Considering an MA.
August 7, 2012 2:24 PM   Subscribe

My employer will pay for 75% of my tuition in a graduate program. Would a Master's Degree in Communication Studies be a worthy option?

I have very few specific career goals for myself. That said, the University I work at will pay for 75% of the tuition on any courses that I take. It seems foolish for me not to take advantage of that offer while I still work here.

I am drawn to the MA in Communication Studies because I would eventually like to move into a position that involves more writing and/or public speaking than I currently do. I don't know if this would be pr, marketing, or a specific communications department, but it seems like this degree may help get me there.

Additionally, I would ideally like to find some success as a writer of my own shit (maybe not on a professional level, but at least on a personal level), so I'm hoping this degree would help me improve my own writing and editing skills at the very least.

I have seen this question. Most of the answers assumed that the OP wanted to go into journalism. I have no intentions of doing that, and if I did, that is not the route I would go.

SO, with all of my vague half-formed thoughts, has your MA in Communication Studies helped you at all? In what ways? In what fields?
posted by Think_Long to Education (14 answers total) 4 users marked this as a favorite
I work as a professional writer (among other capacities) as a digital strategist for a nonprofit organization (so, somewhat like digital marketing). FWIW, a masters of any sort is absolutely not a requirement for my job although I do have one.

I think some practical courses are a great idea for you, but if you can take courses without being a matriculated masters candidate, I think that's an even better option. Because if you go for a master's, you'll probably have to take (and pay for!) a bunch of courses that you don't really need. Maybe see if you can take a few courses, see how you like them, and get a feel for the department and the masters program. Then if you decide you want to pursue a degree, you can use those courses towards the MA.

One thing to look out for in particular: comms programs vary a lot. Some are going to be more practical, whereas some will be more like Media Studies programs. If the program is the latter, that won't be very helpful to you at all.
posted by lunasol at 2:39 PM on August 7, 2012

Yes, it depends on the program itself - communications means many things, including journalism. But if there is a specific program you have access to, then you know what the content of it is - if it seems interesting to you, I would recommend doing it.
posted by heyjude at 2:42 PM on August 7, 2012 [1 favorite]

While I completely agree with lunasol regarding the "take what you need" approach, there are benefits to having a MA on your resume. You rarely get credit for courses toward a degree, more often for having the degree. Having the MA will automatically make you more competitive in some hiring processes, and can be used to get higher pay rate in many circumstances. The longer term benefits of both those can outweigh the short term downsides to taking a couple additional courses.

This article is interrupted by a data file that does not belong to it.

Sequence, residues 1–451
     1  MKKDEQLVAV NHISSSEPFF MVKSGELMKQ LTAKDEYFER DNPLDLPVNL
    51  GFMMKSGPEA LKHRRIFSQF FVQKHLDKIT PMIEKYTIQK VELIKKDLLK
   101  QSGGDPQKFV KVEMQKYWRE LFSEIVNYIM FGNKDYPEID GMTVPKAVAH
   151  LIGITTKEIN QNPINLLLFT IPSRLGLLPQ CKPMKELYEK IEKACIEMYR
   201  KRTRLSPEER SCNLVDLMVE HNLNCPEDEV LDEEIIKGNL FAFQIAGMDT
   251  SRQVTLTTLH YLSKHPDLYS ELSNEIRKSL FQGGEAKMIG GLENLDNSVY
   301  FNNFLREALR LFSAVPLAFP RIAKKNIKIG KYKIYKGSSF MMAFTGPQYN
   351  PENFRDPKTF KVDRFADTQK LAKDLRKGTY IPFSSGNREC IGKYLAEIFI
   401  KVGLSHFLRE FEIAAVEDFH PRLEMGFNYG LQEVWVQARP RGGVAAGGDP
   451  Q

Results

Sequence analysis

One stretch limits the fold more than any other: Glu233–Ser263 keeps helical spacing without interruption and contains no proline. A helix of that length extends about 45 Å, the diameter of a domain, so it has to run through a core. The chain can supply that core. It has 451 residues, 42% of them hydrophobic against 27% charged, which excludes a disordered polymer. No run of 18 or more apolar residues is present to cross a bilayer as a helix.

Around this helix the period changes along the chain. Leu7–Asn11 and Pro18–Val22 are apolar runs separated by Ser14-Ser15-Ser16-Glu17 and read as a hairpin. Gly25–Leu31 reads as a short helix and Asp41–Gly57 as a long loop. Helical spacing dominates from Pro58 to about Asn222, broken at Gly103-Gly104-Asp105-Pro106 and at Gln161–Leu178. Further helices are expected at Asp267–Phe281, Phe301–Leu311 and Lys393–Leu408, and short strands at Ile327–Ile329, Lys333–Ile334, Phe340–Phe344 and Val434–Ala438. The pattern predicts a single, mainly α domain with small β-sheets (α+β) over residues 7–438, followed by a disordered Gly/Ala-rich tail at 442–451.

posted by NotMyselfRightNow at 2:44 PM on August 7, 2012 [2 favorites]

Oh, one other thing - there are some employers where a masters will automatically get you a higher pay grade or be a requirement for certain levels, but this is not super-common in communications/PR/marketing, unless you're working for a big institution like a government agency. For most of these jobs, it's about showing what you can do, not what your qualifications are. Which is why I recommend taking practical courses (to build your portfolio) but not necessarily getting the full degree.

The only caveat is that the program could be a good way to get practical experience (through internships, etc.) but that depends a lot on the program.
posted by lunasol at 2:44 PM on August 7, 2012

I have worked in journalism, government and I now work for a non-profit. I have a master's in mass communication, and I honestly don't think it makes that much of a difference. I write stuff. What gets me jobs is my writing, not my degree. I don't think it has made that much of a difference, but I was already working as a writer when I went back to school. If you're trying to break into communications, or journalism or what have you, and you don't have a degree, it may help open doors, but the best way to get work in communications, like many other fields, is to have work.

That said, if you do look at a master's in mass comm, find a practical program and not one that focuses on theory, unless you want to go into academia.
posted by dortmunder at 2:45 PM on August 7, 2012

As a writer working in marketing and advertising, I don't think a Masters would help. I have a design based advertising degree, not a writing one, and it hasn't impeded me in the least getting to where I am. In fact, I've never even been asked if I studied! The only thing that counts is the work, which you can do without having to enrol in a course. If I had the opportunity to get a free degree, I would aim for one that would really open doors to an extra avenue of employment that you wouldn't otherwise be able to get. I don't think Mass Comm is that degree.
posted by Jubey at 3:57 PM on August 7, 2012

I agree with dortmunder. If you go into a digital program, if you focus on analytics, and computer-assisted reporting (for journalism or not, it's a great skill), you could have great results.

Network your butt off, join ONA and IRE, and break a sweat (so to speak) networking at every conference you can get to.

You'll take a big tax hit on the tuition benefit.
posted by jgirl at 3:59 PM on August 7, 2012

I have a PhD in Communication. First figure out what the Comm Department at your university teaches. It is entirely possible that there is no PR or anything remotely like that.

What's your long term goal? I'd assume anything business related would be more useful than most Comm degrees.
posted by k8t at 4:32 PM on August 7, 2012

Since you have few specific career goals, I'd advise you to start graduate work in any area that interests you and to work toward a degree. A few courses isn't worth much on your resume, but an advanced degree adds some weight.